Experts are predicting a travel boom in this year’s holiday season. A gradually recovering economy and lower gas prices mean more people than ever are traveling for Thanksgiving 2015, which means travelers can look forward to crowded airports and congested highways this year.
According to the American Automobile Association, 46.9 million Americans are expected to go 50 miles or more from home, the biggest number of travelers since 2007. That would be a 0.6% increase from 2014 and the seventh consecutive year of growth.
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While this continuing growth is a positive sign for the U.S. economy and the travel industry, this year’s projected total is still 7.3% shy of the 50.6 million high water mark hit in 2007.
More on Thanksgiving travel plans
Thanksgiving 2015 will be like every other major American holiday — around 90% of travelers will be driving.
AAA points out that the average retail price for gasoline in the U.S. is $2.15 per gallon, 74 cents less than this time last year. If you assume that the average car gets 18.5 miles per gallon, a family driving 300 miles should save close to $12 in fuel compared to 2014.
Lobbying organization Airlines for America is projecting that 25.3 million passengers will fly on U.S. airlines this year, up 3 percent from last year. AAA’s projection anticipates fewer fliers because it examines at a five-day period while the airline group looks at the 12 days around the holiday
The cost of an airline ticket is only up 0.3% (a 69 cent average increase), based on data from the the Airlines Reporting Corp., a firm that tracks a broad variety of transactions for airlines and travel agencies.
Thanksgiving 2015 travel tips
Four tips for traveling by car this Thanksgiving
- Perform basic maintenance on your vehicle such as changing the oil and checking the tire pressure.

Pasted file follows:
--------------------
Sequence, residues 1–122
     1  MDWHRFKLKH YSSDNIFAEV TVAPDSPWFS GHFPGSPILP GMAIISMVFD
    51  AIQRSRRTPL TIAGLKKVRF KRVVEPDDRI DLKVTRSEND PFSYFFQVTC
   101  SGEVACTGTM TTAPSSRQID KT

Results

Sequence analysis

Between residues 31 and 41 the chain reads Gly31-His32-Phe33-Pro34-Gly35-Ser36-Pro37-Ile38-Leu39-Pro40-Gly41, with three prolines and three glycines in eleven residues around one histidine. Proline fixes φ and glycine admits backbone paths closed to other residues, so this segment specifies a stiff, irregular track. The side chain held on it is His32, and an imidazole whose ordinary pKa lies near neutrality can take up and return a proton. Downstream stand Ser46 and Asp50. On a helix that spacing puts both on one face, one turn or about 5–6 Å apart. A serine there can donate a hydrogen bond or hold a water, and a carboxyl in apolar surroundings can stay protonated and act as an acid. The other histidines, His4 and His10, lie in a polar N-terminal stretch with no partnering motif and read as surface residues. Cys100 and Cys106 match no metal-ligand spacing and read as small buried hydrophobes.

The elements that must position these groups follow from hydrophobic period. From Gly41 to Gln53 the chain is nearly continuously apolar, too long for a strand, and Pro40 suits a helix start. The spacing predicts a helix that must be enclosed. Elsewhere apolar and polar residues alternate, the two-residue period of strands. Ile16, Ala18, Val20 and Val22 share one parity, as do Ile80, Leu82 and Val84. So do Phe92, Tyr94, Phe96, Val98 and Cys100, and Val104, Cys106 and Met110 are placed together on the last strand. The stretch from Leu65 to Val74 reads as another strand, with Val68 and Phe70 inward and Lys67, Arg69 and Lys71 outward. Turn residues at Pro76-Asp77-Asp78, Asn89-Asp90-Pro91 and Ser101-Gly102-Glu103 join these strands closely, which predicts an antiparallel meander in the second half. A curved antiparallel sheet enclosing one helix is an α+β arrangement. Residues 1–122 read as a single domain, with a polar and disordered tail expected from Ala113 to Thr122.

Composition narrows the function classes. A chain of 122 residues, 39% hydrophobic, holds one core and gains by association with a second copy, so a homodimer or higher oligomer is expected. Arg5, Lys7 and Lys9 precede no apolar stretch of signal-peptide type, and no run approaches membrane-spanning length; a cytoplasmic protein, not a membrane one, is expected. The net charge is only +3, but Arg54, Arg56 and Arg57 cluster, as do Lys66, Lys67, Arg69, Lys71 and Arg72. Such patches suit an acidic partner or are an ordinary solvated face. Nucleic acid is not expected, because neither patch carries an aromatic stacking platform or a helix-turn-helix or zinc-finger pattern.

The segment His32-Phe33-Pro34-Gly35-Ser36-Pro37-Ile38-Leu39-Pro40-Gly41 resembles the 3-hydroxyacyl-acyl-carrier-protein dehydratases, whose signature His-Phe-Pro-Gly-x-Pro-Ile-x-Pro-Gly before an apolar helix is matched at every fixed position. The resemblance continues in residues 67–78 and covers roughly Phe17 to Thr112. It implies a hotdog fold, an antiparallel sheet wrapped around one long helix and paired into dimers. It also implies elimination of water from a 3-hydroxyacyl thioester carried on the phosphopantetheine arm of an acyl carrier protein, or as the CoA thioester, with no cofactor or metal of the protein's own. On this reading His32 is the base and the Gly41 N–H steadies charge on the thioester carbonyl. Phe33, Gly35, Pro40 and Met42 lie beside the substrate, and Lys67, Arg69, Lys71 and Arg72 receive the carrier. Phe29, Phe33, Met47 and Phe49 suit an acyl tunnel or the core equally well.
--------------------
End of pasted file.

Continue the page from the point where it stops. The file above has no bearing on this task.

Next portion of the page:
- Leave early to give yourself plenty of time.
- Drive slowly. Winter weather and crowded roads are a recipe for automobile accidents. Besides, they won’t start Thanksgiving dinner without you.
- Team drive if at all possible. Stop, stretch and change drivers at least every four or five hours.
Four air travel tips
- Get “protected” if there’s a delay. If your flight experiences a major mechanical problem, immediately call the airline to have it “protect” a seat for you on the next flight out. If the mechanical problem turns into a flight cancellation, you are already confirmed on a new flight.
- Buy a one-day pass to an airline club lounge. For starters, you can usually count on free drinks and light snacks. The biggest perk, however, is that the lounges are typically staffed with the best and most experienced ticket agents. That means that the lines are shorter and in many cases these experienced agents can find empty seats others can’t. On most cases, one-day airline lounge passes run around $50, but you can sometimes find a deal online.
- Weigh your luggage at home first. Keep in mind that any bags more than 50 pounds (40 pounds on some airlines) will result in an overweight surcharge, as well as the checked bag fee.
- Consider the possibility your carry-on bag will be checked. Even though you might not have planned to check a bag, given crowded overhead bins and full flights many air travelers today end up not having a choice. It’s a good idea to include a small canvas bag inside your carry-on bag so if you have to check it, you can take your personal items or valuables with you.